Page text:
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JIG SHOW!? Brown-Skinned Showgirls, One Legged Tappers, and a Lucumi Ritual Dance

By: PRLog

New documentary film series shines a spotlight on a little-known African American subculture and the unknown pioneers who helped shape Black and Cuban entertainment during Jim Crow.

DURHAM, N.C. - Feb. 22, 2021 - PRLog -- Step right up, folks! The last remaining great Black troupers are finally telling their stories about one of America's most successful traveling shows that broke carnival records from the U.S. to Western Canada, birthed music icons like Rufus Thomas, Fontella Bass and Mercedes Vald├ęs, and significantly impacted Black and Latin entertainment during the Jim Crow era. Also unearthed is the legend of one of Tampa's most beloved showman, Leon Claxton Sr., a brave African-American impresario who left an extraordinary legacy despite the insurmountable odds against him and his dreams.

A magical journey into the complexities of American entertainment and race history, JIG SHOW | Leon Claxton's Harlem in Havana is a compelling three-part documentary film series produced by director Leslie Cunningham who shines an overdue spotlight on her grandfather's wildly popular tent theatre presentation of Black and Cuban music, dance and comedy. This "all-colored" stage revue was the top midway attraction on Royal American Shows' North American traveling carnival exhibition for nearly forty years (from 1935-1967). Considered a carnival "Jig show" by the outdoor entertainment industry and media of the day, Claxton's popular brown-skin girl show, nevertheless, rose above the segregated stage and achieved mainstream and international recognition.

"The idea of calling the film 'JIG SHOW' continues to make me uncomfortable, as I suspect it will make others uncomfortable as well," says Leslie who in part one of the film addresses how the term "Jig" is an offensive racist slur against Black people today. "But, the more I researched and became aware of the power and punch this three-letter word held in the progress of this film project, the more I became aware of the inevitability of the film title," adds Leslie.

The cast is led by main characters Shirley Bates-Johnson, Leslie's 96 year-old grandmother who was the lead exotic dancer on Leon Claxton's Harlem in Havana revue in the 1940's, and her son John Cunningham (Leslie's father), a long-time Latin musician from San Diego, California who was raised on the traveling show and drove stakes with the tent-hands in the 1950s. However, JIG SHOW is not just about family, but triumphs, connections and weaving across cultural divides. "Above all else, my mission is to preserve this rich Black and Cuban entertainment legacy before the memories die with a generation," shares Leslie.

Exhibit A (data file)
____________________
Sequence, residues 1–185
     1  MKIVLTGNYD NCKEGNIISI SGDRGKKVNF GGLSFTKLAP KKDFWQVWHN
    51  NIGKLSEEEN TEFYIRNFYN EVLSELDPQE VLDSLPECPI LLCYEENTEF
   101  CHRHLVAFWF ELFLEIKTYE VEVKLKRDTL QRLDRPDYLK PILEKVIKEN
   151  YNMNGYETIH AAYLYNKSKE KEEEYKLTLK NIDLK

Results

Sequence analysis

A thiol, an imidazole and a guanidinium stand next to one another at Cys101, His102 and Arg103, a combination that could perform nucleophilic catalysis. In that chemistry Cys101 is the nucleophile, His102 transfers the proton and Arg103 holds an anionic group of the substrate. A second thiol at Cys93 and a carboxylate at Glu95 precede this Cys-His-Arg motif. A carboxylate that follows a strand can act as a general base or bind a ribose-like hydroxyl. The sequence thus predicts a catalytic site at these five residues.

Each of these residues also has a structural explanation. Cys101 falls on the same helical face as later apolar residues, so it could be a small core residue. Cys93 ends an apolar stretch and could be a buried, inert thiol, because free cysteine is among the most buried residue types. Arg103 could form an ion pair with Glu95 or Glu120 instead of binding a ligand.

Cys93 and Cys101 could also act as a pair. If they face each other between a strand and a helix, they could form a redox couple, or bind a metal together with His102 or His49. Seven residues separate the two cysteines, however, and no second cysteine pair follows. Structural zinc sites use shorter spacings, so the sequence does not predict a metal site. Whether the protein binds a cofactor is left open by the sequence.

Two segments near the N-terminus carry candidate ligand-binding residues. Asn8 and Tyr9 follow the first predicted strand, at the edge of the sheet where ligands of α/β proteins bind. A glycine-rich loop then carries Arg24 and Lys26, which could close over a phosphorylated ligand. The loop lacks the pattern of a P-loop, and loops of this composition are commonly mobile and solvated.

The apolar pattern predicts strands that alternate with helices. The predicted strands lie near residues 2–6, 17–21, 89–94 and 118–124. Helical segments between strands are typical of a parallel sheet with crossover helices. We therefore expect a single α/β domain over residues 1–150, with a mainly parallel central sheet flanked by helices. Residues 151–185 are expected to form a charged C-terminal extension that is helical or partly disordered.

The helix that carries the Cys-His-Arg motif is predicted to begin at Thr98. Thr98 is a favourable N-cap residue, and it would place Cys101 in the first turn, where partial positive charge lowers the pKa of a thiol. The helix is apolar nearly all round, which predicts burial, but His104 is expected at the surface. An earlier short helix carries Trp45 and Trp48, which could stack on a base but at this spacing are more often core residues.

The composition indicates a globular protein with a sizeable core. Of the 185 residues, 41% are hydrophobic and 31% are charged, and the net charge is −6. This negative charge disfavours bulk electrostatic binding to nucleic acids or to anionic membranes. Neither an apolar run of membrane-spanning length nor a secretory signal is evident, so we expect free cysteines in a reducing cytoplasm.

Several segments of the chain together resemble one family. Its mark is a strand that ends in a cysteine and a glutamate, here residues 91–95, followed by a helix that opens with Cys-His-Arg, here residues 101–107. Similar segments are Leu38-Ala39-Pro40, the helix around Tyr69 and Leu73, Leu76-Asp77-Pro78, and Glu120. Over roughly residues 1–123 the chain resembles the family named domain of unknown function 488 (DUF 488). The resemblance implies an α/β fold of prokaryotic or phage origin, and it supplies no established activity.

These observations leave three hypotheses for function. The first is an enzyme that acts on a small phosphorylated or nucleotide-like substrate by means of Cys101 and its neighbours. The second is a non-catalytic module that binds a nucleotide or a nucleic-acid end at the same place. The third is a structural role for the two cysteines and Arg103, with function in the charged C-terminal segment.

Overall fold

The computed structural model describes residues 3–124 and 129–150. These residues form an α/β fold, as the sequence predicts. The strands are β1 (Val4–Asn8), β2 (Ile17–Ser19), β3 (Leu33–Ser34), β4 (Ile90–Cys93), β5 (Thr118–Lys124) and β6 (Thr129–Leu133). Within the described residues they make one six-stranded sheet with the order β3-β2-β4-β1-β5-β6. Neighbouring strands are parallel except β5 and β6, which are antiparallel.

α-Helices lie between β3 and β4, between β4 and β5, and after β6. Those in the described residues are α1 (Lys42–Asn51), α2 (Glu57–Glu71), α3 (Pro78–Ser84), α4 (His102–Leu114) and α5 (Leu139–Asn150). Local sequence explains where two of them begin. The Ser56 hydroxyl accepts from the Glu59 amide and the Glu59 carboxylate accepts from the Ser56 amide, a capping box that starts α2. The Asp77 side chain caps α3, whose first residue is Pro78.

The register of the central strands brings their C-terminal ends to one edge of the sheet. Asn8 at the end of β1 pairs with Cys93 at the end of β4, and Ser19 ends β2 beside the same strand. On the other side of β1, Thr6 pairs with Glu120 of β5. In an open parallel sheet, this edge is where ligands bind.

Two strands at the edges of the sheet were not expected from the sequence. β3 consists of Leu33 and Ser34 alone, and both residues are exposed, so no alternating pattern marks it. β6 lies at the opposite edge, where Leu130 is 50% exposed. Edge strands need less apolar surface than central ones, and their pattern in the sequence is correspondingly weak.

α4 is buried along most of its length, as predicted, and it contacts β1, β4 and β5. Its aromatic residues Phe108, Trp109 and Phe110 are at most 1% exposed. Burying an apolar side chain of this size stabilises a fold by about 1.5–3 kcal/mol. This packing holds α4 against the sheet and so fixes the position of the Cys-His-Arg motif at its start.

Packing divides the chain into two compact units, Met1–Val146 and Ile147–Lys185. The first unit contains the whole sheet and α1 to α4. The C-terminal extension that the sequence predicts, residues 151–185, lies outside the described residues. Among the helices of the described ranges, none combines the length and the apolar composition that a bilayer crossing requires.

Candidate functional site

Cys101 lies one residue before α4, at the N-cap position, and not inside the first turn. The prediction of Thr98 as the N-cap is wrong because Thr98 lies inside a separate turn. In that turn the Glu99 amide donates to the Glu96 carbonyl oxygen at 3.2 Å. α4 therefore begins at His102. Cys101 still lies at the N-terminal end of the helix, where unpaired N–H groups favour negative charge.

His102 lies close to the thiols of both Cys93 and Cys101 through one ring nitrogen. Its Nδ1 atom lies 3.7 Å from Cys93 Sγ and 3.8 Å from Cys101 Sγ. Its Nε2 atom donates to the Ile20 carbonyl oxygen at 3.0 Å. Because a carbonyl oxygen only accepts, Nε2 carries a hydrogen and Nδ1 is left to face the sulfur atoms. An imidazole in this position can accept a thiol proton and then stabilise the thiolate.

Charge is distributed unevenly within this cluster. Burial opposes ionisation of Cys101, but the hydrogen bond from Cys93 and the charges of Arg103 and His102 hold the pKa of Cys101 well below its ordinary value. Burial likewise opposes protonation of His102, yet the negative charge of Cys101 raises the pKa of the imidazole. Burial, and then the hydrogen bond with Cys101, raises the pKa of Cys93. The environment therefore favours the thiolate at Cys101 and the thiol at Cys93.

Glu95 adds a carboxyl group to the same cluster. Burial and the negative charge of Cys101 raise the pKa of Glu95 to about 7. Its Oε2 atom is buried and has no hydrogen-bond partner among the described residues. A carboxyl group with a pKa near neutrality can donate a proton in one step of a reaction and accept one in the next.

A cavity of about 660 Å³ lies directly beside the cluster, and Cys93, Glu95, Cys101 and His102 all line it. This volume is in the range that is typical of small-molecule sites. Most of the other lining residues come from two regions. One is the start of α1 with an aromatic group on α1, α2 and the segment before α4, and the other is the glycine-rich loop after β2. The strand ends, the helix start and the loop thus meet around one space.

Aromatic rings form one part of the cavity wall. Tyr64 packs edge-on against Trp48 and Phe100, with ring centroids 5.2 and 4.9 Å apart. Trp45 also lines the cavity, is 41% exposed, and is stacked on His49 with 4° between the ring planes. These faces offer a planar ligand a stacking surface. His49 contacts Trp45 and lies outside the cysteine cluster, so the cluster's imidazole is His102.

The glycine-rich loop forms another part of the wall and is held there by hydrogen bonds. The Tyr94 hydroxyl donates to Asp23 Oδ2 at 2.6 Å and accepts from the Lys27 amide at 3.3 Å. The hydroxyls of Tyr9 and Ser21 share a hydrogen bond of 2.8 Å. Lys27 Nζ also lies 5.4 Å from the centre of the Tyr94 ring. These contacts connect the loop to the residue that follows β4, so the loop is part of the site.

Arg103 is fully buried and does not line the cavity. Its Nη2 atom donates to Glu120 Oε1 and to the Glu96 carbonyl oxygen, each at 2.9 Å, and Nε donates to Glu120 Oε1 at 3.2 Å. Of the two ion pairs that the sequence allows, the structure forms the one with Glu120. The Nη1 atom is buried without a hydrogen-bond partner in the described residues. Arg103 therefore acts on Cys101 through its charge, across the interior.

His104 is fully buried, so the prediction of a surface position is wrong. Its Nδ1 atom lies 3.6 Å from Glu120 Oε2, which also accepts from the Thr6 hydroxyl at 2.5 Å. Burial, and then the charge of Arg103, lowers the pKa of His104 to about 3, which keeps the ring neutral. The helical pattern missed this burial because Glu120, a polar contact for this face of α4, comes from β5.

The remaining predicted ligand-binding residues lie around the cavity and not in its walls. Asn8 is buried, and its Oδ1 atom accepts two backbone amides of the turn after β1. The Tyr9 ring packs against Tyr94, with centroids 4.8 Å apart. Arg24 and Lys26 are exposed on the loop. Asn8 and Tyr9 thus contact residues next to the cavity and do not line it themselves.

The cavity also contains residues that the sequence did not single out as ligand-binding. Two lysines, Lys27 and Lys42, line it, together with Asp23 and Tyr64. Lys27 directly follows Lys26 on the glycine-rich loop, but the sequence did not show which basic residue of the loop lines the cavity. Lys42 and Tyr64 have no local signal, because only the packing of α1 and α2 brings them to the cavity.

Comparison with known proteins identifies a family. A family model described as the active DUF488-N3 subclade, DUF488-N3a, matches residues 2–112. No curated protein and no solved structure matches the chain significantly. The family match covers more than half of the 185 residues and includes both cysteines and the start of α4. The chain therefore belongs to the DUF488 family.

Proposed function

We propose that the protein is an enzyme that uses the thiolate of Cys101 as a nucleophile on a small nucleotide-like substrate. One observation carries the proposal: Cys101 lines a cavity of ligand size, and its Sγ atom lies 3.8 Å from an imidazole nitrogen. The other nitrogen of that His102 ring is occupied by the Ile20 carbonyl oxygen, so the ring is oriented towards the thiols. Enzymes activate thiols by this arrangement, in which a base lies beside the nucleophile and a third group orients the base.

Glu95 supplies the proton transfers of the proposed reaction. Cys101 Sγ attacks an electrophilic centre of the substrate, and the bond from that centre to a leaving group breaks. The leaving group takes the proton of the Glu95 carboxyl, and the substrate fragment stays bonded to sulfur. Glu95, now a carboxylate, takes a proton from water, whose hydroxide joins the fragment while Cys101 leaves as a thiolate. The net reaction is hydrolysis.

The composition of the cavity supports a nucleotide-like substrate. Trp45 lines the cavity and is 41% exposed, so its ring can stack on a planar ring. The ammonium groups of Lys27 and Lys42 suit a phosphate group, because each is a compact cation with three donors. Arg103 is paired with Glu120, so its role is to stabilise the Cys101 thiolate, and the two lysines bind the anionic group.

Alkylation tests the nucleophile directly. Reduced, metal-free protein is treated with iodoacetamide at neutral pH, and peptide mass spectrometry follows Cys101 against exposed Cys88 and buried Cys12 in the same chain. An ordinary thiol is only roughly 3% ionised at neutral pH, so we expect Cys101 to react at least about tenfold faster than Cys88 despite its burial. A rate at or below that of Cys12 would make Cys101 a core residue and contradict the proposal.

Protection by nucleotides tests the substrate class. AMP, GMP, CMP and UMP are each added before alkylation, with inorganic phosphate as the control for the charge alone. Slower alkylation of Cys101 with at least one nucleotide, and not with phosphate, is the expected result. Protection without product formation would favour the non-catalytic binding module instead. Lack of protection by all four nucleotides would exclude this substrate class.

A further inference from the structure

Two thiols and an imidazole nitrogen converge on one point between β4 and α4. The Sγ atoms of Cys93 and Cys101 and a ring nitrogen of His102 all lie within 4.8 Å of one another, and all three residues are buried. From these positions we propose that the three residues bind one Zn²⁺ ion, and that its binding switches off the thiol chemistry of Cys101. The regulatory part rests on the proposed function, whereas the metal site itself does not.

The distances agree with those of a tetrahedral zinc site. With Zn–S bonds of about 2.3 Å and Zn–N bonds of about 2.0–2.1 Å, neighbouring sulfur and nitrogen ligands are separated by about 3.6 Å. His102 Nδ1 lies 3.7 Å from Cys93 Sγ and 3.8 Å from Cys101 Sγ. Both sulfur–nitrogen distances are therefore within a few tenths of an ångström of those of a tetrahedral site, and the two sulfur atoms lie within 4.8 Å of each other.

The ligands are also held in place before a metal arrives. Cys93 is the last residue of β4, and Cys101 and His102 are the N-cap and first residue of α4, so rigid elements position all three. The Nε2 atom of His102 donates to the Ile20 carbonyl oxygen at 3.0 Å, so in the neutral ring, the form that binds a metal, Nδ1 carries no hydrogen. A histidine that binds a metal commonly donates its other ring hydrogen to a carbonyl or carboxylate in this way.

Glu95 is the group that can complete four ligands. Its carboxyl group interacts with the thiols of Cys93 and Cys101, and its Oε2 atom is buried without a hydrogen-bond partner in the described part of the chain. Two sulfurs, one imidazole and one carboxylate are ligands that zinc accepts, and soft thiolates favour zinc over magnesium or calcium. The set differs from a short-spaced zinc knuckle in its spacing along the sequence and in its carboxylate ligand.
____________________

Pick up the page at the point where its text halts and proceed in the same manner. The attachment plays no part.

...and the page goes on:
Each part of the film combines breathtaking never-before digitized show photographs and rarely seen historical clips with interviews from a colorful cast of former performers, academics and patrons who witnessed the spectacle. Beautiful b-roll of the city of Tampa highlight where Harlem in Havana was headquartered for nearly 20 years, while classic and new Hip Hop music honor the voluptuous showgirls and tenacious entertainers of color who bravely showcased their talents on the frontline of racial polarization and left behind a glorious legacy that still resonates with wonder today.

The Harlem in Havana Project: The film series is a part of a larger creative work titled "The Harlem in Havana Project", a multimedia documentary project created by Leslie nearly ten years ago to help revive her family's rich show-business history. The project includes a website (, the film series, and a set of photography books called Brown-Skin Showgirls, companions to the film which aim to expand our cultural knowledge about Black Burlesque. Leslie concludes, "This creative work provides an opportunity for a whole segment of artists, dancers and performances to tap into this history and enhance their current art forms. Back then it was just a colored variety show with performance pieces, but today it's an art form. This is where that history originated!"

Film series schedule (showing on Vimeo On-Demand):

  • Part 1: Starts Friday, February 5, 2021 (Celebrating Black History Month)
  • Part 2: Starts Friday, April 2, 2021 (Happy Birthday Leon Claxton!)
  • Part 3: Starts Friday, June 4, 2021 (Celebrating Juneteenth!)
  • In the Fall, the full film series will be available on VOD and DVD, plus a study-guide for the educational market.
Giving Back to the Community: In honor of producer Leon Claxton's philanthropy work in the city of Tampa, Leslie is donating $1 from every online order to Stand Up Speak Out - NC (SUSO), a Durham, North Carolina-based community organization which aims to empower children and teens by providing advocacy and therapeutic support through Art Therapy.

Filmmaker Q&A: Filmmaker Leslie Cunningham is currently available for virtual interviews and speaking engagements about the film series or documentary project. She is also planning live screenings and Brown-Skin Showgirls photography exhibits in 2022.

Visit to learn more about the film series or to learn more about the multimedia project.

Leslie Cunningham

Photos: (Click photo to enlarge)

TRIBES Entertainment Logo Jig Show | Leon Claxton's Harlem in Havana Filmmaker Leslie Cunningham Clip of Leslie and her grandmother Shirley

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